It is a fairly robust search. You can search via hashtag or you can search for multiple keywords or phrase. Search Engine Land also mentions a lot of other ways Google Twitter search can be used for data analysis. Because it is in experiment mode, I haven’t found a very good way of getting to Google Twitter search other than through this link Search Engine Land provides (which is a search for Obama on Twitter). But if you can change the search term and get results. Now if you go to the link you will see highlighted in yellow that “The experiment you’re trying to access is no longer available. Go to experiments overview.” I am not quite sure what that exactly means, because when I search #medlib I get results as recent as August 16, 2010. So it appears to be working and it works MUCH better than this Google Custom Twitter Search which is what you will find if you type Google Twitter search in the Google search box. If you use the Custom Twitter Search with the term #medlib you get the Twitter conversations mixed in with other things mentioning medlibs.
So if you are looking for old tweets I would use either experimental Google Twitter search (but it might not be really current) or I would use David’s three he recommends.
For those librarians dealing with this really hot summer, what better way to beat the heat than to watch a movie this weekend. Yeah you could go see Eat Pray Love, but why not rent a movie and stay at home (crank the a/c). You don’t have to pay extra for your favorite foods, nobody (but you or your significant other) will be talking during the movie, and if you have to go to the bathroom you can hit pause.
If that is up your alley for fun this weekend then have I got a list for you. The Huffington Postcreated a list of 11 films that “give librarians the center stage.” There is something for everyone; the sarcastic GenX librarian in Party Girl, adventure themed movies like National Treasure and The Mummy, thrillers like Foul Play and Peeping Tom, and classics like the Desk Set.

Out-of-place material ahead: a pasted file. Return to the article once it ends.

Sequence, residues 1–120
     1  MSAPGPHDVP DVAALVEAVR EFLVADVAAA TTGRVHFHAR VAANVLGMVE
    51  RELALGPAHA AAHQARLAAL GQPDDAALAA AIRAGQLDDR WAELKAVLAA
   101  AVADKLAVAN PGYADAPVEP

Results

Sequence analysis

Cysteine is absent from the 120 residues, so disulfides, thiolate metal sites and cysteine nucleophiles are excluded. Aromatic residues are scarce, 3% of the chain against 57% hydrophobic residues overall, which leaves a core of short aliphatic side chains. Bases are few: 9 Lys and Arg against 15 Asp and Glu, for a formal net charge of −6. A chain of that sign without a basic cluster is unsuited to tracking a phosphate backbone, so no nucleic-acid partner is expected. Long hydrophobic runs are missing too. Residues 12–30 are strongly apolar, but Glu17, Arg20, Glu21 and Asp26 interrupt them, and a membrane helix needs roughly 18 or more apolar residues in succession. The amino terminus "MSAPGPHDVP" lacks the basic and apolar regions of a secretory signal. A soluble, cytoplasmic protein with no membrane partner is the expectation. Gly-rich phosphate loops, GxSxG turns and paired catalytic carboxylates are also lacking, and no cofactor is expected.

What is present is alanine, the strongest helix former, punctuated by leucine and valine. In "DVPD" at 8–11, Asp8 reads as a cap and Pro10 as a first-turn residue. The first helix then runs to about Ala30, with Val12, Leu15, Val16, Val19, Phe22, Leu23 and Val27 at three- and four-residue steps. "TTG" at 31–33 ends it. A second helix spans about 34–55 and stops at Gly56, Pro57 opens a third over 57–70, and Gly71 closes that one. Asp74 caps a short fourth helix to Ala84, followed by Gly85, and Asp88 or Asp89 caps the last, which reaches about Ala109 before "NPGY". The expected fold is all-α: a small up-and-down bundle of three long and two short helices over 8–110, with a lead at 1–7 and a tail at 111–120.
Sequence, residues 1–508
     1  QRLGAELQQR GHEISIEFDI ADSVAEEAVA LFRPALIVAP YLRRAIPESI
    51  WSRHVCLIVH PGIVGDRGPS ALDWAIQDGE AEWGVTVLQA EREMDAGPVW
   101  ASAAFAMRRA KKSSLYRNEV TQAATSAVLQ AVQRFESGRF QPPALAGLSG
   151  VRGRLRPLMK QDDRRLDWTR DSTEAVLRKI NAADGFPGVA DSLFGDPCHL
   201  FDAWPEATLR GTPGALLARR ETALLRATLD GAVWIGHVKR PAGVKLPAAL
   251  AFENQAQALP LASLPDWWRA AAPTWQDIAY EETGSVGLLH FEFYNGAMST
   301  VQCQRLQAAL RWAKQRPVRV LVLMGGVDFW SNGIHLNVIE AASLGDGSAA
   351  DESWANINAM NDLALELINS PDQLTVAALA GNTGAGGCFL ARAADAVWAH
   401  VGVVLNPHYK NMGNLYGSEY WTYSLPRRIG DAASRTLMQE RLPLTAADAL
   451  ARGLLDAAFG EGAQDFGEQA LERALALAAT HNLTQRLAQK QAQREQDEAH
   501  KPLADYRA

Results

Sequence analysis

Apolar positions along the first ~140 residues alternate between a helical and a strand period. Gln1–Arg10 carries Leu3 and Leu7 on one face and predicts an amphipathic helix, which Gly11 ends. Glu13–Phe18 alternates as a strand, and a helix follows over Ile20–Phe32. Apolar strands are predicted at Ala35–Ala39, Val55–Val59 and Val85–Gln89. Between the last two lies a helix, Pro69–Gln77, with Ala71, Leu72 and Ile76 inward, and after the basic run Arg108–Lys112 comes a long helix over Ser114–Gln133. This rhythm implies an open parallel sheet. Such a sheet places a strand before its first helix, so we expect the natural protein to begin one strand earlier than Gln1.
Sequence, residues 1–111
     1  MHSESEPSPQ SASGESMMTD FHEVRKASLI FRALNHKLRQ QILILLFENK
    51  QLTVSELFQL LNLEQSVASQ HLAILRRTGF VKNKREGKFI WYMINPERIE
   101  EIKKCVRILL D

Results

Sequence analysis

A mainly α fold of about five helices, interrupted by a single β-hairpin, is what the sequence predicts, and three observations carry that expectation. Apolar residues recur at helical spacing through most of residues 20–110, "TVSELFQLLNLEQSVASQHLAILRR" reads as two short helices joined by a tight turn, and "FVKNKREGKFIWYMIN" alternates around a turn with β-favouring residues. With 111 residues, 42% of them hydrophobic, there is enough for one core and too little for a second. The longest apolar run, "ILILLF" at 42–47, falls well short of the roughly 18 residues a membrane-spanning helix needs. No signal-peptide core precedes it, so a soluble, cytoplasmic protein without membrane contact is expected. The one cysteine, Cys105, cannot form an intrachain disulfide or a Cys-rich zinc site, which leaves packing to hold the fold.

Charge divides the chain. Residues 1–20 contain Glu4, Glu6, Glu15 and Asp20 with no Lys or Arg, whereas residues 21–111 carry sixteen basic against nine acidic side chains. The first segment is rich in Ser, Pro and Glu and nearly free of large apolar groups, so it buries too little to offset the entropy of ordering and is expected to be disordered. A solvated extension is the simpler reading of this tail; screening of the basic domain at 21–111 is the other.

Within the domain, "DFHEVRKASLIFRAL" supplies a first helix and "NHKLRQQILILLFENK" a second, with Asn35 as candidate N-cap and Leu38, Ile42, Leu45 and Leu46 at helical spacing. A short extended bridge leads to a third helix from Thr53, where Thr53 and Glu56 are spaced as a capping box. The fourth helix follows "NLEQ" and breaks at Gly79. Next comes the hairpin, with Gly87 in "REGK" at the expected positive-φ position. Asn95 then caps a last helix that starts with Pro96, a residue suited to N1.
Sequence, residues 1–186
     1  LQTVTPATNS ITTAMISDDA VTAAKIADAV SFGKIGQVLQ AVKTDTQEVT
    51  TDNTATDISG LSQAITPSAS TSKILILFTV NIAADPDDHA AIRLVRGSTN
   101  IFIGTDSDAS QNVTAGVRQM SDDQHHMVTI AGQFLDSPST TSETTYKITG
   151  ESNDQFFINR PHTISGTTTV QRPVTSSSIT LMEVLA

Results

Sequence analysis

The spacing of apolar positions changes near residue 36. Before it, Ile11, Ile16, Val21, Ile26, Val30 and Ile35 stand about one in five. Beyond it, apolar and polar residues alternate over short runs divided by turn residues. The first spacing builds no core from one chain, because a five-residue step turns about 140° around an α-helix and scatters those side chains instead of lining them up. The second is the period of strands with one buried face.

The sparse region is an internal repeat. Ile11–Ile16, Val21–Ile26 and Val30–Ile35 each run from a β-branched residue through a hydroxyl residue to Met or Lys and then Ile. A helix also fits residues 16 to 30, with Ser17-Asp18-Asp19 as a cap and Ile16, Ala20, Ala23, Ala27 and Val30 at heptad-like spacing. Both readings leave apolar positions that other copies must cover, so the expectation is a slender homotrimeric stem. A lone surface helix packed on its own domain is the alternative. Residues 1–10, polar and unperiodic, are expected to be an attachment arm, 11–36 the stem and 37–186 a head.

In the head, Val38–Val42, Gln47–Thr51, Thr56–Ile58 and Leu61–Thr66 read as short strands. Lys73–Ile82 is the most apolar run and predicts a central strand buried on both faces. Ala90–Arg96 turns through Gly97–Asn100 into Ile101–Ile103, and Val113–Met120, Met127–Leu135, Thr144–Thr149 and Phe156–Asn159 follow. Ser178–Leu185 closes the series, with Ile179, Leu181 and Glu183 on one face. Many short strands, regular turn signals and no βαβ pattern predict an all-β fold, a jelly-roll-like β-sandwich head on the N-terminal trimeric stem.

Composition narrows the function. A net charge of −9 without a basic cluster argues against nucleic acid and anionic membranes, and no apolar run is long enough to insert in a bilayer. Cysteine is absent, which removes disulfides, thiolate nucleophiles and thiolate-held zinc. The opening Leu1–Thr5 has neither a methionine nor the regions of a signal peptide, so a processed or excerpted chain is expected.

Have a good weekend
The National Center for Biotechnology Information (NCBI) is developing a new site called PubMed Health. According to MidContinental Region News, “PubMedHealth will focus on consumer-level, evidence-based health information.” PubMed Health is under development at the National Library of Medicine’s National Center for Biotechnology Information and is being introduced in phases, starting with consumer drug information provided by the American Society of Health-System Pharmacists. According to the Sheridan Libraries blog post, ”The drug information will be integrated with several other NCBI databases, ultimately providing a linked resource for finding information about diseases and conditions, treatments, and other related data.”
I know what you are thinking, “What does this mean for MedlinePlus?” Personally, I have no clue. But according to the MidContinental Region News, “PubMed Health does not replace MedlinePlus (http://medlineplus.gov/), NLM’s premier health Web site for patients and their families and friends. ”